About Bangalore – Messyduniya

About Bangalore

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Temples & Religious Places

1. Nandi Temple
The bull referred to is a sacred Hindu demi-god, known as Nandi; Nandi is a close devotee and attendant of Shiva. Dodda Basavana Gudi is said to be the biggest temple to Nandi in the world. The stone monolith idol of Nandi is continually covered with new layers of butter, benne in the local language of Kannada.

There is an idol of the elephant-headed Hindu deity Ganesha close by.

2. Dharmaraya Swamy Temple
It is unique as it is dedicated to the Pandavas and not found anywhere else in India. The temple resembles the architectural features of the Gangas, the Pallavas and the Vijayanagara styles. The garbhagruha is in Ganga style, the vimanagopura is in Pallava style and the mukhamantapa is in Vijayanagar style, which shows the development of this temple in three different ages. The fourth stage of development of rajagopura and sabhangana was taken up in the 20th century.

3. Gavi Gangadhareshwara Temple
Gavi Gangadhareshwara Temple also Gavipuram Cave Temple, an example of Indian rock-cut architecture. The temple is famous for its mysterious stone discs in the forecourt and the exact planning allowing the sun to shine on shrine in certain time of the year. It was built in the 16th-century by Kempe Gowda I, the founder of the city.

4. Hulimavu cave Temple
The Hulimave cave temple, also known as the Hulimavu Shiva Cave Temple or simply the Cave Temple, is located very close to the BGS National Public School. The Cave Temple is administered by the Sri Sri Bala Gangadaraswami Mutt. It is stated that a saint Sri Ramanand Swamiji did tapas in the cave for many years and his samadhi is also found inside.

5. Ragigudda Anjaneya Temple
The Ragigudda Sri Prasanna Anjaneya temple is a temple dedicated to Hanuman located in Jayanagar 9th Block suburb of Bangalore. The temple also hosts a Shivalinga along with Rama, Sita, Lakshmana, Hanuman shrine in the same precinct. The temple is situated on a hillock.There is a smaller temple dedicated to Ganesha, Navagrahas and Rajarajeshwari at the base of the hillock. The temple also plays host to the holy trinity of the Hindu’s engraved on huge rocks at the side of the temple.

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The main crops grown here are rice, ragi, jowar, maize, and pulses (Tur and gram) besides oilseeds and number of cash crops. Cashews, coconut, arecanut, cardamom, chillies, cotton, sugarcane and tobacco are among the other crops produced in the state.

Offices & Industries

The headquarters of several public sector undertakings such as Bharat Electronics Limited (BEL), Hindustan Aeronautics Limited (HAL), National Aerospace Laboratories (NAL), Bharat Heavy Electricals Limited (BHEL), Bharat Earth Movers Limited (BEML), Central Manufacturing Technology Institute (CMTI) and HMT (formerly Hindustan Machine Tools) are located in Bangalore.

In June 1972 the Indian Space Research Organisation (ISRO) was established under the Department of Space and headquartered in the city. Bangalore also houses several research and development centres for many firms such as ABB, Airbus, Bosch, Boeing, GE, GM, Google, Microsoft, Mercedes-Benz, Nokia, Oracle, Philips, Shell, Toyota and Tyco.

Bangalore is called as the Silicon Valley of India because of the large number of information technology companies located in the city which contributed 33% of India’s ₹1,442 billion (US$23 billion) IT exports in 2006–07. Bangalore’s IT industry is divided into three main clusters – Software Technology Parks of India (STPI); International Tech Park, Bangalore (ITPB); and Electronics City. UB City, the headquarters of the United Breweries Group, is a high-end commercial zone. Infosys and Wipro, India’s third and fourth largest software companies are headquartered in Bangalore, as are many of the global SEI-CMM Level 5 Companies.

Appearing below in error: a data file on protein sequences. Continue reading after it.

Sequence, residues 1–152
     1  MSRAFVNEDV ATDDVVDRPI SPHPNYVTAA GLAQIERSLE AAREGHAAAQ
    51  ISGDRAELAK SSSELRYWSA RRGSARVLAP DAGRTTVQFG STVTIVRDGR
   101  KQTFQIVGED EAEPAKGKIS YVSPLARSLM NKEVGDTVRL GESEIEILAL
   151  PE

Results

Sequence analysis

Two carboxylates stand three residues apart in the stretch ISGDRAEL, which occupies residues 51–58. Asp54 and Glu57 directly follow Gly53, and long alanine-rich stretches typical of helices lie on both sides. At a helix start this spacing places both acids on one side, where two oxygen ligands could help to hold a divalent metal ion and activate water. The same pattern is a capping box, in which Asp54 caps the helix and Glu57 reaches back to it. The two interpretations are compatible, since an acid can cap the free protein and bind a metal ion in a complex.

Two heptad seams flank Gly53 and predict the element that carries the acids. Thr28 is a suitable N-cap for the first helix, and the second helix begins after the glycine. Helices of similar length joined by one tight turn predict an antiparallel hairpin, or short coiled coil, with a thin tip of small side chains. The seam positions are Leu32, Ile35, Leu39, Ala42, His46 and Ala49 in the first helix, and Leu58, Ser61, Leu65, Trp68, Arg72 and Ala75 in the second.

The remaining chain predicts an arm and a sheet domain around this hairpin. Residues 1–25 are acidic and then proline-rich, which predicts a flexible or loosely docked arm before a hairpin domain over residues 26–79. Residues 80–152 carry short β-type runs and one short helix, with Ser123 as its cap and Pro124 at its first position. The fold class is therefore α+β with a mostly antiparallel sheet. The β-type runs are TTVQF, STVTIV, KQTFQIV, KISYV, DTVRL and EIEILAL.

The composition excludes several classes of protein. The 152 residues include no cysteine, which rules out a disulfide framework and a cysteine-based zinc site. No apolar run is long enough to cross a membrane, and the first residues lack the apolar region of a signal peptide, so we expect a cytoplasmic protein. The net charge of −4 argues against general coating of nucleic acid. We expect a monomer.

The growth of IT has presented the city with unique challenges. Ideological clashes sometimes occur between the city’s IT moguls, who demand an improvement in the city’s infrastructure, and the state government, whose electoral base is primarily the people in rural Karnataka. The encouragement of high-tech industry in Bangalore, for example, has not favoured local employment development, but has instead increased land values and forced out small enterprise.

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1. Cluny Convent High School, Malleswaram
Address: 11th Main Rd, Malleshwaram, Bangalore Urban, Bengaluru, Karnataka 560003
Phone: 080 2334 6536

2. VIBGYOR High School
Address: No. 41, P.M Building,, Behind Shoppers Stop, 4th Main Road, Bengaluru, Karnataka 560076
Phone: 080 3374 3000

3. Orchids The International School
Address: 3rd main, 6th cross, N S Palya main road, Near café coffee day, Bilekahalli, Bengaluru, Karnataka 560076
Phone: 080 6001 7100

4.NITTE International School
Address: No.12, Myllappanahalli, Heseragetta Hobli, Yelahanka, Bangalore North., Karnataka 560064
Phone: 099457 57390

5. Sri Vidya Kendra – The Smart School
Address: Machohalli, 17th Km Off Magadi Road,Bapagram Post, Bangalore, Bengaluru, Karnataka 560091
Phone: 080 2977 1515

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1. Bangalore Institute of Management Studies
Address: No.35, Opp RV College of Engineering, Mysore Road, Harsha Layout, Kengeri Satellite Town, Bengaluru, Karnataka 560059
Phone: 080 2860 8205

2. Bangalore Institute of Technology
Address: KR Road, V V Puram, Bengaluru, Karnataka 560004
Phone: 080 2661 5865

3. B.M.S. College of Engineering
Address: Bull Temple Rd, Basavanagudi, Bengaluru, Karnataka 560019
Phone: 080 2662 2130

4. Bangalore Medical College and Research Institute
Address: Fort, K.R. Road, Bengaluru, Karnataka 560002
Phone: 080 2670 1529

5. Bangalore City College
Address: Chellikere, Chikkatayappa Reddy Layout, Chelekare, Kalyan Nagar, Bengaluru, Karnataka 560043
Phone: 080 2545 9956

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1. The Karaga festival is celebrated in the month of March-April. Karaga is the name given to an earthen pot, which symbolizes Shakti. Devotees place a karaga on their heads and join in the procession taken out at night. The procession comes to an end at the Sampangi tank, where all the pots are immersed in water.

It is believed that balancing the pot on the head is like a test through which the strength of a person’s character is tested. In the main temple procession, a priest, dressed up as woman, undertakes the same procedure.